Underrated and Under-appreciated: Last Action Hero

Here’s a surprise! I’m writing another Underrated Under-Appreciated about a movie that spoofs other movies. That’s 3 of the 5 I’ve written. If you couldn’t tell, I really like self-referential humor. It makes me feel special, like they’re making the jokes just for me. Or I’m just a slightly pretentious 20something who likes it when things get wicked meta.

This week we’re taking a look at Last Action Hero, a quippy early 1990s movie which delves into the tropes and idiocy of the action movies that dominated the 1980s.

Something's rotten in the state of Denmark. And Hamlet is taking out the trash!

Something’s rotten in the state of Denmark. And Hamlet is taking out the trash!

So here’s the rundown: Danny Madigan (Austin O’Brien, who went on to be in Apollo 13) has a pretty sad life, he apparently lives in a shitty apartment near not-yet-cleaned-up Times Square. He spends all his time at a rundown movie theater which is run by a sweet old man named Nick (Robert Prosky). Danny’s single working mother does not approve of him spending all his time at the rundown movie theater. But I don’t think it has anything to do with the seedy location, and everything to do with him skipping school to hang out there. He sneaks out to watch a special preview of the new Jack Slater (Arnold Schwarzenegger) movie, where Nick gives him a “magic” ticket which was given to him by Harry Houdini himself. Danny takes the stub of the ticket and is transported into the backseat of Slater’s car. Danny and Jack develop a hero-sidekick dynamic while Danny tries to convince Jack he’s in a movie. Eventually the bad guy, Benedict (Charles Dance, pre-Tywin Lannister) with his weird glass eye gets a hold of the magic ticket stub and realizes he can transport between the movie dimension and the real world. Jack and Danny travel back into the real world where they defeat the bad guy and learn several lessons along the way. Like you can’t punch through a car window in the real world and not get injured, or take a bullet wound to the chest and live.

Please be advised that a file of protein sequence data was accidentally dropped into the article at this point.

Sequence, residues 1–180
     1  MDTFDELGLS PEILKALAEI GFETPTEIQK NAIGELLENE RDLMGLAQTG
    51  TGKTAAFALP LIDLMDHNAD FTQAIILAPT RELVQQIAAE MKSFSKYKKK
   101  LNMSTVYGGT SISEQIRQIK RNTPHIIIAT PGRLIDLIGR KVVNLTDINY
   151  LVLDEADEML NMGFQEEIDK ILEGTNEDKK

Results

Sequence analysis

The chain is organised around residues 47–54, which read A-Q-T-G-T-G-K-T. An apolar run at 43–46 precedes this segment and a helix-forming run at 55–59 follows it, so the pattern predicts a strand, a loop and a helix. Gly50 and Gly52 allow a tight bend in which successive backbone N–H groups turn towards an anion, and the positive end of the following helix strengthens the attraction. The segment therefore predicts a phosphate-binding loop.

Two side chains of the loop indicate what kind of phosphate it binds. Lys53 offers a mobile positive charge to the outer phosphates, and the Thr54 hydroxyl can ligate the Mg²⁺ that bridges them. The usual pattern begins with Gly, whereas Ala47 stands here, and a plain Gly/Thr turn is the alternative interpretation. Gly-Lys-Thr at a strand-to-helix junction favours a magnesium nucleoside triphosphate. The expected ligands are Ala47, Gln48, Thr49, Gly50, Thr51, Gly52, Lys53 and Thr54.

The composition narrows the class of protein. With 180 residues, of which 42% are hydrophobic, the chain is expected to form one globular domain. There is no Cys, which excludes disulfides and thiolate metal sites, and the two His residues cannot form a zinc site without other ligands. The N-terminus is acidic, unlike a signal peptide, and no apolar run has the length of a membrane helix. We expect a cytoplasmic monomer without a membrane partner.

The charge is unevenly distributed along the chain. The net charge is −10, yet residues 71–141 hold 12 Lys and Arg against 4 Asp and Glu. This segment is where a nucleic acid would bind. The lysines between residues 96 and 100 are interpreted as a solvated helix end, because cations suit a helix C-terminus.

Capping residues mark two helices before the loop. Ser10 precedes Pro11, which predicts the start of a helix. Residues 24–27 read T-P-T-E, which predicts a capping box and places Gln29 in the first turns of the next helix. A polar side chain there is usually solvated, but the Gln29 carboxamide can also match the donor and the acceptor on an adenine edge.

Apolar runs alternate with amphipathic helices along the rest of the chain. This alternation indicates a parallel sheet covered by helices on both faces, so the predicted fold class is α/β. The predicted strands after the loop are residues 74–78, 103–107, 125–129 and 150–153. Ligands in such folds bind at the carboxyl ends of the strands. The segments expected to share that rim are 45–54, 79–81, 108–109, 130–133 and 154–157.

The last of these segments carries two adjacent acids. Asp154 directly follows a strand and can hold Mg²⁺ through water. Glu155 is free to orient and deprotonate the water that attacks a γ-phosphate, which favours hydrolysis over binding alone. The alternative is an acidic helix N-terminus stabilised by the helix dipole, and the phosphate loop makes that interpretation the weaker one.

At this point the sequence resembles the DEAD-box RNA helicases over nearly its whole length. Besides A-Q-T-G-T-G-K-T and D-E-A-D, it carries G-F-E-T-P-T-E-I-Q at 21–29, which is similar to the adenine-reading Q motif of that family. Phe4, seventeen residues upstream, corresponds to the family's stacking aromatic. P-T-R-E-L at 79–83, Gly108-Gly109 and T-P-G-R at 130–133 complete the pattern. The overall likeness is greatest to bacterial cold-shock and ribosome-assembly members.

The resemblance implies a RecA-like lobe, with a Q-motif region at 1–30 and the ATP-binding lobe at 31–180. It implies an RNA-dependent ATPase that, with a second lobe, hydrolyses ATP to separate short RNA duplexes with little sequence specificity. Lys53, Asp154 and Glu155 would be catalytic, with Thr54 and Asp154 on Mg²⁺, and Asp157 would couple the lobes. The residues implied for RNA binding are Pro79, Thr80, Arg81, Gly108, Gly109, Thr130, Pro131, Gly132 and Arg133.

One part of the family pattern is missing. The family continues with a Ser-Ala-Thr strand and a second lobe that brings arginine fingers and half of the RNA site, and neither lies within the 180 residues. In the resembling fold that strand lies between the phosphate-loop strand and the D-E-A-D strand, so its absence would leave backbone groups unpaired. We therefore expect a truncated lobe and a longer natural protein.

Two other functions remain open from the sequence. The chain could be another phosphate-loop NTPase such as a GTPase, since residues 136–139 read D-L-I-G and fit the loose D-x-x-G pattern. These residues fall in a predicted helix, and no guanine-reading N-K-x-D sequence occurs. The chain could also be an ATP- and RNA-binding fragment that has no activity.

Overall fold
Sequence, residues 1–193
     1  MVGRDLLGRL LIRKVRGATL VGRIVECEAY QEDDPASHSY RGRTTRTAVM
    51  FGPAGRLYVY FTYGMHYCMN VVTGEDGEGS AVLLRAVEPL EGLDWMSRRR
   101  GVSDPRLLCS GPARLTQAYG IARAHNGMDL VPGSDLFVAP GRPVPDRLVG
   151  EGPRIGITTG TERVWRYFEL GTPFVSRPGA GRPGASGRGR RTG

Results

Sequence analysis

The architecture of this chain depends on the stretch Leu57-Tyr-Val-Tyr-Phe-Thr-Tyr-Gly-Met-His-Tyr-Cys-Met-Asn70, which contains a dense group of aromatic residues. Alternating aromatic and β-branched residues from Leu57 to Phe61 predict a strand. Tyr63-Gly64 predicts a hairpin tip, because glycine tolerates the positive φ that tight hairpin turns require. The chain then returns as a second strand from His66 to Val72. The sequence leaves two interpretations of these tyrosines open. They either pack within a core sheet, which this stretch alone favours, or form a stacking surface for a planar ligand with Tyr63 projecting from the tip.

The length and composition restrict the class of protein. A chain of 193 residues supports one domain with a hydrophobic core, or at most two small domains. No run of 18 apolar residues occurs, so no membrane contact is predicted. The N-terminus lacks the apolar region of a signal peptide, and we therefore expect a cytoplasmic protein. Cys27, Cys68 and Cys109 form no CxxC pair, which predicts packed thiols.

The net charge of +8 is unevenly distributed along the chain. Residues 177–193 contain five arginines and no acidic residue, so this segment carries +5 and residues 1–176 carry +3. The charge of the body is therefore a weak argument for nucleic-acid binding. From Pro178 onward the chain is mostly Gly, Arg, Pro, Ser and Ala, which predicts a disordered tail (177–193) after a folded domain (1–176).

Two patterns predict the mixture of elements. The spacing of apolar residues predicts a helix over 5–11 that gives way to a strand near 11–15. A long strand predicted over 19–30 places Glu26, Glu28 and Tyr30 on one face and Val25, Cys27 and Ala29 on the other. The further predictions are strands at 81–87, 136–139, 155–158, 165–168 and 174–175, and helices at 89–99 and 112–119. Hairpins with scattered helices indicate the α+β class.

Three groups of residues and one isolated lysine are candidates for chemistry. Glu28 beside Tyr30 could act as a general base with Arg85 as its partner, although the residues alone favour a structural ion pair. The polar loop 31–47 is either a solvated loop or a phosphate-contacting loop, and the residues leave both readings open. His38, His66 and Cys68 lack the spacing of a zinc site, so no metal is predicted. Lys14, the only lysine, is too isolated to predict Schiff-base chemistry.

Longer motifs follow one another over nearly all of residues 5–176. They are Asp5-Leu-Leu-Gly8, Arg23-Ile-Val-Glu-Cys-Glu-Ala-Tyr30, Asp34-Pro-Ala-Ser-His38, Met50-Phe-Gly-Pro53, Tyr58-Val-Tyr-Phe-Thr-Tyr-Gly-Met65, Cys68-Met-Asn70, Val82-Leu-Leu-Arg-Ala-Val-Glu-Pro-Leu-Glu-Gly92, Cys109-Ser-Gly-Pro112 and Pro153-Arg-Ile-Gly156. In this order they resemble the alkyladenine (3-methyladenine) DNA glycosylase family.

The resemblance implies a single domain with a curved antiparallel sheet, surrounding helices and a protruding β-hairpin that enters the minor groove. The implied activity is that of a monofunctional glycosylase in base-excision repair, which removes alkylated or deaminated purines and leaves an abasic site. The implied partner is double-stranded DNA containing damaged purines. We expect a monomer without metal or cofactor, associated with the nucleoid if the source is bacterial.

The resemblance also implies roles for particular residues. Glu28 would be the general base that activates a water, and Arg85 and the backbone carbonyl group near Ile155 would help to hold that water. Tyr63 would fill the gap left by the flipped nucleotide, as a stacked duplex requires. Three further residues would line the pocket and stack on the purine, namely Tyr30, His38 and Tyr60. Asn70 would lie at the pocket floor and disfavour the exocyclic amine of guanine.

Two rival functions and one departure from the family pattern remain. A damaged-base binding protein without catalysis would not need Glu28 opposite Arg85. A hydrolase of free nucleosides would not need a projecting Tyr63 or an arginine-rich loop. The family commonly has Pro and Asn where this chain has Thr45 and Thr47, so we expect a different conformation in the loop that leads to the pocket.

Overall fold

All caught up? It gets pretty trippy and weird in a few spots, but over all it’s a very solidly underrated movie. It had the misfortune to be released just a week after Jurassic Park. Arnold has even gone on record as saying he marks this movie as the beginning of his movie-star end. But I think it lives up to its potential, and does what it set out to do, and it brings to light some ridiculous action movie tropes. As all these underrated movies do.

First off you have to look at the sheer meta quality of the film. It’s an action movie, about action movies, which points out those action movies, and uses the real world as a foil for the movie world. I’ll give you a second to absorb that sentence. My favorite example of this ridiculousness is a fake movie trailer. Danny daydreams in class about a Jack Slater version of Hamlet. It’s possibly one of the only famous (original) lines from Last Action Hero, a narrator proclaims, “Something is rotten in the state of Denmark, and Hamlet is taking out the trash.” In such perfect action movie narration you almost wish they made this gun toting version of Hamlet instead of Mel Gibson’s.

Yes, there is a movie trailer in the middle of a movie about action movies, where they enter an action movie and… You get the point. It’s pretty meta. But what makes it so underrated is the fact that they decided to do this, and they committed to it. They did not skimp on the cheesy jokes, or obvious punch lines (both the end of a joke and the thing Arnold says when killing someone with an ice cream cone) and they also made a point to show how different the real world is from the movie world.

Here’s an example of some of the dialogue which makes this meta movie so underrated under-appreciated, right after Danny gets jettisoned into the movie and they outrun the bad guys, Slater brings him to the police headquarters – where, for one, there’s a cartoon cat working as a detective. He is also voiced by Danny Devito. But two, the police chief saddles Slater with Danny as his partner. Something which would only happen in an action movie. Slater takes him to a Blockbuster to let Danny try to prove his theory that they’re in a movie. Instead of Arnold on the Terminator II: Judgement Day poster they find another familiar face. Sylvester Stallone.